SR 12 has been designated by various state laws and through local usage as the Valley of the Moon Scenic Route. SR 12 is known as Sonoma Highway between Santa Rosa and the west side of the city of Sonoma; the segment through Lodi to the overlap with SR 99 is on Kettleman Lane. Before the 1964 renumbering, this route was signed as Sign Route 12 for most of its length. However, SR 12 was designated as Legislative Route 51 from SR 116 to SR 121 before the 1964 renumbering. Portions of the route from SR 29 to I-80 ran concurrently with State Route 29 or with State Route 37; the portion from I-80 to then-US 99 was designated as LR 53 in 1919. In 1976, the discontinuity resulting from the concurrency with State Route 84 was removed. Plans call for a western extension of its western terminus to State Route 1 near Bodega Bay. Plans called for Route 12 to be built as a freeway from Farmers Lane to Melita Road, in Santa Rosa. Except where prefixed with a letter, postmiles were measured on the road as it was in 1964, based on the alignment that existed at the time, do not reflect current mileage.
R reflects a realignment in the route since M indicates a second realignment, L refers an overlap due to a correction or change, T indicates postmiles classified as temporary (for a full list of prefixes, see the lis
California State Route 37
State Route 37 is a state highway in the northern part of California that runs 21 miles along the northern shore of San Pablo Bay. It is built from U. S. Route 101 in Novato and runs through the southern tip of Sonoma and Solano Counties to Interstate 80 in Vallejo not through Napa County, on 37 the county line sign says Sonoma on one side of the highway and Solano on the other side, it serves as a vital connection between the four counties of the North Bay Area, north of San Francisco. Route 37 has been proposed to be built to freeway standards since the early 1950s. However, the proposal was met with many economic and environmental obstacles, making the task all but impossible for much of the route. Problems included a levee break in Vallejo which turned part of the land around the highway into a marsh, home to endangered salt marsh harvest mice, a section of highway known as "Blood Alley" for its high rate of fatal accidents. Intended to run from State Route 251, a highway that has not been constructed, SR 37 begins in Novato with a junction at U.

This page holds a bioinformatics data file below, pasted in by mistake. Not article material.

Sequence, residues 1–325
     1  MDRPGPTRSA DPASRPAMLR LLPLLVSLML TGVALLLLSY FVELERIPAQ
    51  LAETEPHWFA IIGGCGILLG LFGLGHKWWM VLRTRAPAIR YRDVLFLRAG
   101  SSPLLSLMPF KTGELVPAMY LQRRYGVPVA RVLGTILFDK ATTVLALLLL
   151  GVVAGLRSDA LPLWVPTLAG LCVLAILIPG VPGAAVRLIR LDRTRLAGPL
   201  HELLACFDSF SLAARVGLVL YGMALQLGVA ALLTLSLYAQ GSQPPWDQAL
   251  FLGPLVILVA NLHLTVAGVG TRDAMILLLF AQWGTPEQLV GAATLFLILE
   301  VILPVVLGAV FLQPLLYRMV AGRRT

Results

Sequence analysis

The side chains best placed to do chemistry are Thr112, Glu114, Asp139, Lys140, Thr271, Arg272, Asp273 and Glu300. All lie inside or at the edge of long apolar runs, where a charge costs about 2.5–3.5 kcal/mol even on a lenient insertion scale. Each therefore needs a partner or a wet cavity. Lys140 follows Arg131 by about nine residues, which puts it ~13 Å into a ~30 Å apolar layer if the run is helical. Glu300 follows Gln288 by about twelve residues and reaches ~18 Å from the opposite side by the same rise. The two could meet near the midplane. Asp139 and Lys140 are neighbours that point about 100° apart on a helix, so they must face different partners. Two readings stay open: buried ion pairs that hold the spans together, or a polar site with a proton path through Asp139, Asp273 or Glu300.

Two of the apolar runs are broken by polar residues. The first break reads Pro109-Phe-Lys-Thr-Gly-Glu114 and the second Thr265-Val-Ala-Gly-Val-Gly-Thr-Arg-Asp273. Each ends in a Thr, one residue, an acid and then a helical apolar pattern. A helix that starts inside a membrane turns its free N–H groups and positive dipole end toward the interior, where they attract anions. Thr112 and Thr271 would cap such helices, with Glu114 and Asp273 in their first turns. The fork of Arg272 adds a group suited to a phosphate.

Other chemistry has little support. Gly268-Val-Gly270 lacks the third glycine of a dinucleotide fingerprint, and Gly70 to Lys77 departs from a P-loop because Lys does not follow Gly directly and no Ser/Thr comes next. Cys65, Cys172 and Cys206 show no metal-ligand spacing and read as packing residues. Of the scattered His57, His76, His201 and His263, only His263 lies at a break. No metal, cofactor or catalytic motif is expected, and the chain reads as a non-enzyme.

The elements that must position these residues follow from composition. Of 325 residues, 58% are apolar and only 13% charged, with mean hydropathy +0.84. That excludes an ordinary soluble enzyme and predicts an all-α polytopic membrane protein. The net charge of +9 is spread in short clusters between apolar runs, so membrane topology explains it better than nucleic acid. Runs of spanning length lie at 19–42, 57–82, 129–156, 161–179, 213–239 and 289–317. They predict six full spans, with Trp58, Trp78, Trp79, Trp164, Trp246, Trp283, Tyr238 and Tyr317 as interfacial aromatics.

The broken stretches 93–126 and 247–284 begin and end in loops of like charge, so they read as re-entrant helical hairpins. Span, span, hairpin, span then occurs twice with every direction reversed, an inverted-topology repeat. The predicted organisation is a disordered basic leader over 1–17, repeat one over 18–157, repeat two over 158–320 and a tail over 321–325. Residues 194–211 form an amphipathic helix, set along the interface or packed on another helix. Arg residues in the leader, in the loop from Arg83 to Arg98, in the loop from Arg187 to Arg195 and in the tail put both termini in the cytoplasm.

S. Route 101 and heads northeast as a freeway for about a quarter mile before becoming a four-lane expressway; the route passes over the Petaluma River into Sonoma County before meeting the southern terminus of State Route 121 at a signal-controlled intersection near Sears Point and the Sonoma Raceway. The route continues as a divided two-lane expressway in a more easterly southeasterly, direction as it crosses Tolay Creek and proceeds through the Napa Sonoma Marsh at the northern edge of San Pablo Bay. Before the construction of the barrier in 1995, this portion of SR 37 was three lanes with the middle lane alternately serving as a passing lane for each direction; this stretch of highway was given the nickname of "Blood Alley" for its high-rate of fatal accidents. With the middle lane removed, accidents dropped dramatically. SR 37 becomes a four-lane freeway on Mare Island. After it crosses over the Napa River Bridge, it continues as a freeway, overlapping the old highway alignment and passing north of the old road known as Marine World Parkway.